Squash Bug, Anasa tristisHosts: All cucurbit vine crops are subject to squash bug infestation. The bugs prefer squash, pumpkin, watermelon, cantaloupe, and cucumber, in that order. Hubbard, winter, and marrow squash are often heavily infested.
Symptoms: Both the nymphs and adults feed by sucking juices from the plants. The overwintered adults can cause extensive damage as they appear just after the plants have emerged. Their feeding can greatly stress and even kill young seedlings. Once the plants attain greater size, they can withstand a moderate number of squash bugs. Nymphs tend to feed in clusters at first but will disperse as they become older. All stages prefer the leaves but will feed on all above ground plant parts. They may congregate and feed on unripe fruits, especially late in the season. Squash bugs can increase in numbers quite rapidly and can cause plants to wilt just by sheer numbers. When large numbers are combined with hot, dry weather, the stress on plants is greatly increased. However, squash bugs will not kill plants "overnight." If plants wilt and die overnight, one should suspect another causal agent, such as bacterial wilt.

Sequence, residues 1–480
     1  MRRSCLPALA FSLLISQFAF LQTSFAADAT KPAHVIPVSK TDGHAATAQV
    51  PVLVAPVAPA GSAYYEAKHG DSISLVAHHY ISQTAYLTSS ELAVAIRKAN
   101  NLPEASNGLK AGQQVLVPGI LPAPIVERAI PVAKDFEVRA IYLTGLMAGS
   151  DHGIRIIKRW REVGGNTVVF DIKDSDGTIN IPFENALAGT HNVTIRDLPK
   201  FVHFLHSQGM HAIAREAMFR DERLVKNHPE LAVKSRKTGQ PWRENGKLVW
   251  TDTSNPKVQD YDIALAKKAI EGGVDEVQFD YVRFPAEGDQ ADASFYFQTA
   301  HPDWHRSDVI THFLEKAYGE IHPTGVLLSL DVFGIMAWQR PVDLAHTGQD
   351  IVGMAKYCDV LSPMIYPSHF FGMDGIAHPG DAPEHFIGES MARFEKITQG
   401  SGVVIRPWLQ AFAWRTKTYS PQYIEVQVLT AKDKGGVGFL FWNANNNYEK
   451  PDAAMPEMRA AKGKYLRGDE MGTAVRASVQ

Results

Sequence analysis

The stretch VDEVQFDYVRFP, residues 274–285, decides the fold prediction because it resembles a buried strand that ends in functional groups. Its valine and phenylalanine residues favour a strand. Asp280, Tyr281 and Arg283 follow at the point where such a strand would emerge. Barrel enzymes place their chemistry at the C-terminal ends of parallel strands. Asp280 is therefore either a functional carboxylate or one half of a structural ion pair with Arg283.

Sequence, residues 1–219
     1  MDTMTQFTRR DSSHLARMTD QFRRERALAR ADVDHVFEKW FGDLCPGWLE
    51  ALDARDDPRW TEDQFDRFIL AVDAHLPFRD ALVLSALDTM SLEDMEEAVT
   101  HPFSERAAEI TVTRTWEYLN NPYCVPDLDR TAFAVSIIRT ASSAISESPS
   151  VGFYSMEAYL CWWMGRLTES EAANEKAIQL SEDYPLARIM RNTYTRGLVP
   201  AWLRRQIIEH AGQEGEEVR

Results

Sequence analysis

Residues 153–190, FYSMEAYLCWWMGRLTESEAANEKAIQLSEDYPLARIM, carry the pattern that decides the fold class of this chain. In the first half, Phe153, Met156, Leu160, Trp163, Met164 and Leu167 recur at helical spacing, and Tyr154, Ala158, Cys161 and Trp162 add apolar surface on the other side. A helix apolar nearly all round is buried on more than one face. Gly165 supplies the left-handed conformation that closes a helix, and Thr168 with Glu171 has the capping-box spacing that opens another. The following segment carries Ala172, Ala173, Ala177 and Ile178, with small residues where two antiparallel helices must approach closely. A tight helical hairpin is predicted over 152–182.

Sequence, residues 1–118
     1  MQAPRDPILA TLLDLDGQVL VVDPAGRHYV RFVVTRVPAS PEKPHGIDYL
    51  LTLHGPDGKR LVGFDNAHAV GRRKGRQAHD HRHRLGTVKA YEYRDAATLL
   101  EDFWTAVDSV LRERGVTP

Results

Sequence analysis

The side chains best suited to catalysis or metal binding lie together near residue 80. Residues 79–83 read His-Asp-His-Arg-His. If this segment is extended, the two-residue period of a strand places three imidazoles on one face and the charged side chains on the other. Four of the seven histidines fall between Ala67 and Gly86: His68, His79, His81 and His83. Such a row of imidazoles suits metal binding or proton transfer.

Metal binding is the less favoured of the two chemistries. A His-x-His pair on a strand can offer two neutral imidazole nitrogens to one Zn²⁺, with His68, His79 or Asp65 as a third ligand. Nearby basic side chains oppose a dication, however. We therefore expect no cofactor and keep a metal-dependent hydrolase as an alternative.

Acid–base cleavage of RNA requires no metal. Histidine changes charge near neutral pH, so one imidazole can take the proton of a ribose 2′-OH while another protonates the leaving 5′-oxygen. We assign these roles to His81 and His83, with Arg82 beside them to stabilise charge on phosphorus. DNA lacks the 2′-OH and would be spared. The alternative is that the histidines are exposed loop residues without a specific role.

Life Cycle: Squash bugs overwinter as unmated adults under plant debris or other suitable shelter. They emerge in late April or early May, search for suitable hosts, and mate. Eggs are laid over a period of several weeks, often in the angles formed by leaf veins, and hatch one to two weeks later. There are five nymphal stages and they take four to six weeks before new adults are produced. There are three or four generations per year, but due to the extended egglaying period all stages are present for most of the season. Nymphs present in late fall are killed by freezing temperatures and adults seek overwintering quarters.
Description: Adults are brownish black to dark ashy black in color and about 5/8 inch long. The body is compact and flat across the back with the wings overlapping toward the rear. They give off a disagreeable odor when handled or crushed. Eggs are somewhat diamond or spindle-shaped and white when first deposited. They gradually turn yellowish brown and finally dark bronze. They are laid in loose masses, mostly on the undersides of leaves. Newly hatched nymphs are pale green. As they grow, they develop a grayish body color with black legs. Nymphs are smaller than adults and do not have wings, but the last two nymphal stages have noticeable wing pads.
Control: Please contact your local county extension office for current information.
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